It’s based on Susan Kelly’s book called The Boston Stranglers, because everything that we think we know is wrong. There was a film made right after the events called The Boston Strangler starring Tony Curtis and Henry Fonda. And it posits that Albert DeSalvo was the Boston Strangler, but the truth is, if you scratch beneath the surface, Albert DeSalvo was never charged with the crimes. He was actually incarcerated for another series of assaults, and there was not one shred of evidence linking him to the crimes. So the film is very much (about) how did things go so wrong, that to this day we all think Albert DeSalvo was tried and convicted as the Boston Strangler?

When Busch told Hurd that that sounded "really interesting," Hurd responded by saying, "Yeah. With media, with fear, with the cult of celebrity, so many of the things that are part of our life today, were just beginning in the late sixties."

EARLY VERSION OF SCREENPLAY
Mr. Beaks over at Aint It Cool News provides a brief synopsis from an earlier draft of Alan Rosen's screenplay. (Rosen has been with the project since 2001, when Hurd was trying to get it set up for Carl Franklin to direct at Paramount. Now that De Palma has signed on to the project, the screenplay is being revised under his direction.) Mr. Beaks writes:

The massive-in-scope screenplay (a recent draft by Alan Rosen ran over 160 pages) starts small with DeSalvo's first string of crimes (he talked his way into the homes of lonely/neglected women by pretending to be a scout for a modeling agency), but quickly turns into a multi-layered dramatization of the botched police investigation, the intense, often unhelpful media scrutiny (courtesy of an ambitious young female reporter for The Boston Herald), and DeSalvo's jailhouse confession to convicted murderer George Nassar (who got F. Lee Bailey involved). It's kinky, bloody and full of betrayal; in other words, it's ideal material for De Palma. Right now, he's just got to find the narrative throughline.

MICHAEL IMPERIOLI
A user named blackmantis, posting in the "Talk Back" section following Mr. Beaks' AICN post, stated, "Michael Imperioli is DeSalvo's doppelganger! He absolutely must play that part." Several other users agreed that Imperioli would be perfect for the role. Imperioli is best known for his role on HBO's The Sopranos, and can currently be seen carrying an authentically distinct '70s vibe as a cop working for Harvey Keitel on ABC's Life On Mars. No casting has yet been mentioned for The Boston Stranglers.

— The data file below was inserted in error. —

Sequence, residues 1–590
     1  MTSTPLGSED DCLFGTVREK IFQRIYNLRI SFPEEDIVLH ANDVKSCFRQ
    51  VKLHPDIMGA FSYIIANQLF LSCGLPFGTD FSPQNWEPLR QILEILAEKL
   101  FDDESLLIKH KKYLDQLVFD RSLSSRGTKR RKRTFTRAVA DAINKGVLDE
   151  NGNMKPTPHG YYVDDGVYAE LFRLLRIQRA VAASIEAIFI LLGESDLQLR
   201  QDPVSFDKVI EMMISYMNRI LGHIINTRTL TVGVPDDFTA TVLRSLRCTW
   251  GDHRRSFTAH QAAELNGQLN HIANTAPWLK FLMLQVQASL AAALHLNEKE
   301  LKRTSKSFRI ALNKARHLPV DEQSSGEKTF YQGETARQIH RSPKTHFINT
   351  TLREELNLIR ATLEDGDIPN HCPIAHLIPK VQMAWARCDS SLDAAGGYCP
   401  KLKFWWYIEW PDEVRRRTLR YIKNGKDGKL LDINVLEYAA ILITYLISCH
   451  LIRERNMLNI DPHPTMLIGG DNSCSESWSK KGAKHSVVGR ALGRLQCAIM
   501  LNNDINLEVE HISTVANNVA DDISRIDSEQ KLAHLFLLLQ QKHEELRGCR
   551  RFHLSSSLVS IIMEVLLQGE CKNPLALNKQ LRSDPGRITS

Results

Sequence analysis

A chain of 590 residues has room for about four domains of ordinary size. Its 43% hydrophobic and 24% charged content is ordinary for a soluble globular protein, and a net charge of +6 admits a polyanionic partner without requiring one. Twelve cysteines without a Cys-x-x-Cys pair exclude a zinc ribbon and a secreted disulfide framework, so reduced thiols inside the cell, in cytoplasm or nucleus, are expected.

Posted by Geoff at 4:50 PM CDT
Updated: Monday, October 27, 2008 7:34 PM CDT
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DRESSED FOR "WEIRD WEDNESDAY"
LARS NILSEN INTRODUCES DE PALMA FILM IN AUSTIN

Above is a video of Lars Nilsen providing a wonderful introduction to Brian De Palma's Dressed To Kill last Wednesday at the Alamo Drafthouse in downtown Austin, Texas. The screening was part of Nilsen's "Weird Wednesday" series, which happens every Wednesday night, and is free of charge thanks to local sponsor I Luv Video. When you go to Nilsen's blog posting about Dressed To Kill, be sure to read the comments section, where a guy named Jay complains that Nilsen was so uptight about the "slightest snicker" that he went into "full-on Geek police mode" to keep people from distracting from the film (in the intro above, Nilsen tells the audience it is especially important not to talk during Dressed To Kill). Nilsen's reply to Jay's post indicates what kind of atmosphere to expect when attending "Weird Wednesday":